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Rita de Acosta Lydig (1875-1929) photographed by Gertrude Käsebier (1852-1934). Illustration in “Camera work”, n° 10, April 1905.

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Rita de Acosta Lydig’ by Adolphe de Meyer, 1913

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Rita de Acosta Lydig’ by Adolphe de Meyer, 1913

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Australian socialite Molly Fink – Wife of the Rajah of Pudukkottai

Molly Fink (1894 – 1967) was an Australian socialite and wife of Martanda Bhairava Tondaiman, the Raja of the princely state of Pudukkottai. The marriage created a public scandal and resulted in the ostracization of the couple and their only son Martanda Sydney Tondaiman.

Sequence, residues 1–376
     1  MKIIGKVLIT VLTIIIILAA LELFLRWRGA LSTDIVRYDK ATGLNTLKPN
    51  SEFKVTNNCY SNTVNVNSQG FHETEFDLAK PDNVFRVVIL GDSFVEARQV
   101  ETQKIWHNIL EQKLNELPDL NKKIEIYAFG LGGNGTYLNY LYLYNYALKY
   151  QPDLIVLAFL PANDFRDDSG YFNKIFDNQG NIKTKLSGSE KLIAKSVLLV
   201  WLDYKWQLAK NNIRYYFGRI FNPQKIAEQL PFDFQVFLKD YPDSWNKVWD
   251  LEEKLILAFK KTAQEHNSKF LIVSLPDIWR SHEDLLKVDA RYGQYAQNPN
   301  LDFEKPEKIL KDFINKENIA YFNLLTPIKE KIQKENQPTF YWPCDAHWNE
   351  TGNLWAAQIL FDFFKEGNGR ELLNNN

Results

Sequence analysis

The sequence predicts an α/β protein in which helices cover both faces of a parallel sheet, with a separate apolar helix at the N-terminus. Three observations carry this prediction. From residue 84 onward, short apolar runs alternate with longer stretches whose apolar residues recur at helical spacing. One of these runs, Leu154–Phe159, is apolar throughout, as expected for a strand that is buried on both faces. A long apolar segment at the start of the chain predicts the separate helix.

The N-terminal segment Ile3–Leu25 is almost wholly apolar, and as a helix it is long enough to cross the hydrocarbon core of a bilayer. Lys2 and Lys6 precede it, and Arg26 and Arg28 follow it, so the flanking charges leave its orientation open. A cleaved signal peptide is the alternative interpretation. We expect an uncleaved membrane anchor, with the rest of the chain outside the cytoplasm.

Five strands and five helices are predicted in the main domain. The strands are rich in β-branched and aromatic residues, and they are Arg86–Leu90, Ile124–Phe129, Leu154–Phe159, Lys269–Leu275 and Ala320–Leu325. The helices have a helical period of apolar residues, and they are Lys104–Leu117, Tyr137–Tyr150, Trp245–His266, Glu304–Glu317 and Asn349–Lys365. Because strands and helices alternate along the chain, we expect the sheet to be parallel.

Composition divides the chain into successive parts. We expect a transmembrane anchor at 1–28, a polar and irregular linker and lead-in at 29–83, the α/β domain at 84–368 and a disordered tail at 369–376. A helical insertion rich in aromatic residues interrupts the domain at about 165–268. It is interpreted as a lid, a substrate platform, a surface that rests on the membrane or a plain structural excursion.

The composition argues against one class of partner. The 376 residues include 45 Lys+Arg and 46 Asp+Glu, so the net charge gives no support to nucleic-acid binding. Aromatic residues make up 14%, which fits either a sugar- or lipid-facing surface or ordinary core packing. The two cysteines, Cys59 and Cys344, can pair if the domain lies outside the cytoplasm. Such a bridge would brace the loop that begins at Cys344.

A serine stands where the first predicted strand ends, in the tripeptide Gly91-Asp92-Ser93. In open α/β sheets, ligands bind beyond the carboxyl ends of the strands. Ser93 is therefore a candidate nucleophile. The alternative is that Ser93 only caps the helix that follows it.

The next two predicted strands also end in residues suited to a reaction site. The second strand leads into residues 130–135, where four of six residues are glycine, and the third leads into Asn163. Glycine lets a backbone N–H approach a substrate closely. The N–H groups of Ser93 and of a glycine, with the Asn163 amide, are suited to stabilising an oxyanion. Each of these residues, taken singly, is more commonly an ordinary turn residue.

From 1922 to 1927 Martanda and Molly lived in Cannes where they bought a villa called La Favourite. At Cannes, Molly developed friendship with Elsa Maxwell,Cecil Beaton, Nancy Beaton, Lord Donegal, Lady Houston and William Locke. The couple frequented social events and held dinner parties. Martanda died at Parison 28 May 1928 at the age of fifty-three.

Following Martanda’s death, Molly’s finances began to dwindle. She sold La Favourite and purchased a house at Mayfair, London where she lived with her son, Sydney.

The Aga Khan proposed to her soon after Martanda’s death, but she rejected his proposal. In her later years, Molly remained aloof and began drinking heavily. She was diagnosed with bowel cancer in 1967. Molly died in Cannes on 22 November 1967 at the age of seventy-three.

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Molly Fink

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Molly Fink by Cecil Beaton

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Molly Fink and the Rajah